Child abduction is a terrible heart wrenching crime, pure and simple. You let the child out of sight for a second and your baby never comes back. At least one thing’s for sure. At home — right there in front of your eyes — they are safe.Well, that’s what Mr and Mrs Mortara thought, until the pope came and stole their son, with logic that would defy Kafka.
Three things counted against the Mortaras. The first mistake was that they lived in Bologna. The second was that it was the year 1858. Nowadays, kidnapping of small boys is not on the papal agenda (despite what parish priests have been doing). At that time though, the law was on the pope’s side. Well, papal law was and that was what worked in Bologna. This was before Italy’s unification and Bologna was situated one of the Papal States.
The third strike against the peaceable God fearing Mortaras, Salamone and Marianna, was that the God they feared was the Old Testament one. They were Jewish.
And that’s where Kafka kicked in.
Their nearly-seven-year-old, Edgardo Levi Mortara, had been ill. There is some dispute about the facts of his illness. But the way it was told to the Pope was like this. The boy had been close to death. The family’s (Catholic) teenage servant girl claimed while she was alone with the sick boy she had secretly given him an emergency baptism — not that he or his parents asked for it, you understand.
Happily for the family, but sadly for the New Testament squad, the little boy recovered. So when the maidservant told her story to priests, a bunch of papal goons and police barged Nazi-style late at night into the baffled shopkeeper’s house on the evening of June 23rd 1858, and stole the screaming infant from among the eight of their children.
Whatthe, howthe…? I hear you ask. The Kafka factor was this: A special sort of sharia law that applied in the Papal States decreed that no Christian child could ever be raised in the home of a Jew. He was now Christian, though he did not know it, ergo he could be whisked away by God’s gauleiters to cry his heart out at a local monastery, before he was quickly moved to Rome. The family were given a receipt for what was now church property.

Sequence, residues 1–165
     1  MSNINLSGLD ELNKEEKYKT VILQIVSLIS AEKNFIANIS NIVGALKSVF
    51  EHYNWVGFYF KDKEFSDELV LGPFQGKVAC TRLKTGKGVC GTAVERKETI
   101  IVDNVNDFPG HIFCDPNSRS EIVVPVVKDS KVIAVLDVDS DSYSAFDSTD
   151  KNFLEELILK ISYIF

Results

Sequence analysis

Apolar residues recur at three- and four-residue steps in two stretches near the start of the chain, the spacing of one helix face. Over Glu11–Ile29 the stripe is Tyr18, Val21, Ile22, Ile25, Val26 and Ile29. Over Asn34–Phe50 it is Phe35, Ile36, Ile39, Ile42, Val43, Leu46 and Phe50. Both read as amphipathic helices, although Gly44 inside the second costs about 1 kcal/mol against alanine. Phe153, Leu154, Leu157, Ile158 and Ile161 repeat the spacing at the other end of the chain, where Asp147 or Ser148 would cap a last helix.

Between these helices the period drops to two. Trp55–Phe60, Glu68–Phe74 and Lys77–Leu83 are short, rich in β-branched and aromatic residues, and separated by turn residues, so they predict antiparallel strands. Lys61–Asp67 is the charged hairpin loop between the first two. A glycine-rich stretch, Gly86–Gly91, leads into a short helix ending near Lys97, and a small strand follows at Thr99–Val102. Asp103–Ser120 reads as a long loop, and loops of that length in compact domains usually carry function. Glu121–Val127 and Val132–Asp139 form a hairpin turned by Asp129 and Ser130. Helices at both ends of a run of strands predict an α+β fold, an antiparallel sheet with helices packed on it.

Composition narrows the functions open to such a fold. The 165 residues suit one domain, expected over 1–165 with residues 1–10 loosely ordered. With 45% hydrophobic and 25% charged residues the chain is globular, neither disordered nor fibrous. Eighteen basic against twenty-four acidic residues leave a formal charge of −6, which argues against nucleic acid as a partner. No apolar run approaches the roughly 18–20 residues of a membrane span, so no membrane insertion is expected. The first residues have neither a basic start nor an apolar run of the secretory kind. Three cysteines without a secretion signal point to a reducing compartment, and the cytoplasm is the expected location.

The international incident this caused had geopolitical ramifications. It strengthened the view that Pope Pius IX was anti-Semitic, which he plainly was by his public pronouncements. Arguably it sped up Italian unification. The revolutionaries had designs on Rome and Rome was only supported with French troops. Responding to French public opinion against the pope, Louis Napoleon tried using this as a bargaining chip with the Pope. That did not work. It definitely boosted the no popery movement in Britain and set back Irish home rule 50 years.
For the family there was not what broadcasters delight in calling ‘closure’. They were allowed to see their boy in 1859 and the father visited in 1860, but did not see the child. I am sure that mirrors had already been covered in the Mortara household and the twice yearly letters from Edgar imploring his parents to convert to the Christian way went unopened.
They tried once more to claim back their boy in 1870 after Italy had unified, but the Jesuit mantra of ‘give me a boy at seven and I will give you the man’ had won. Edgar did not want to know. He took the name of the pope who stole him — Pius — and as a priest he travelled Europe and America mostly trying to win over more Jews for Jesus without much success. He reconciled with his mother and one of his brothers, as the photograph shows, but never with his father. He died of old age in Liège in 1940. Yes that’s right, a Jew in Nazi-occupied Belgium. Oh the irony.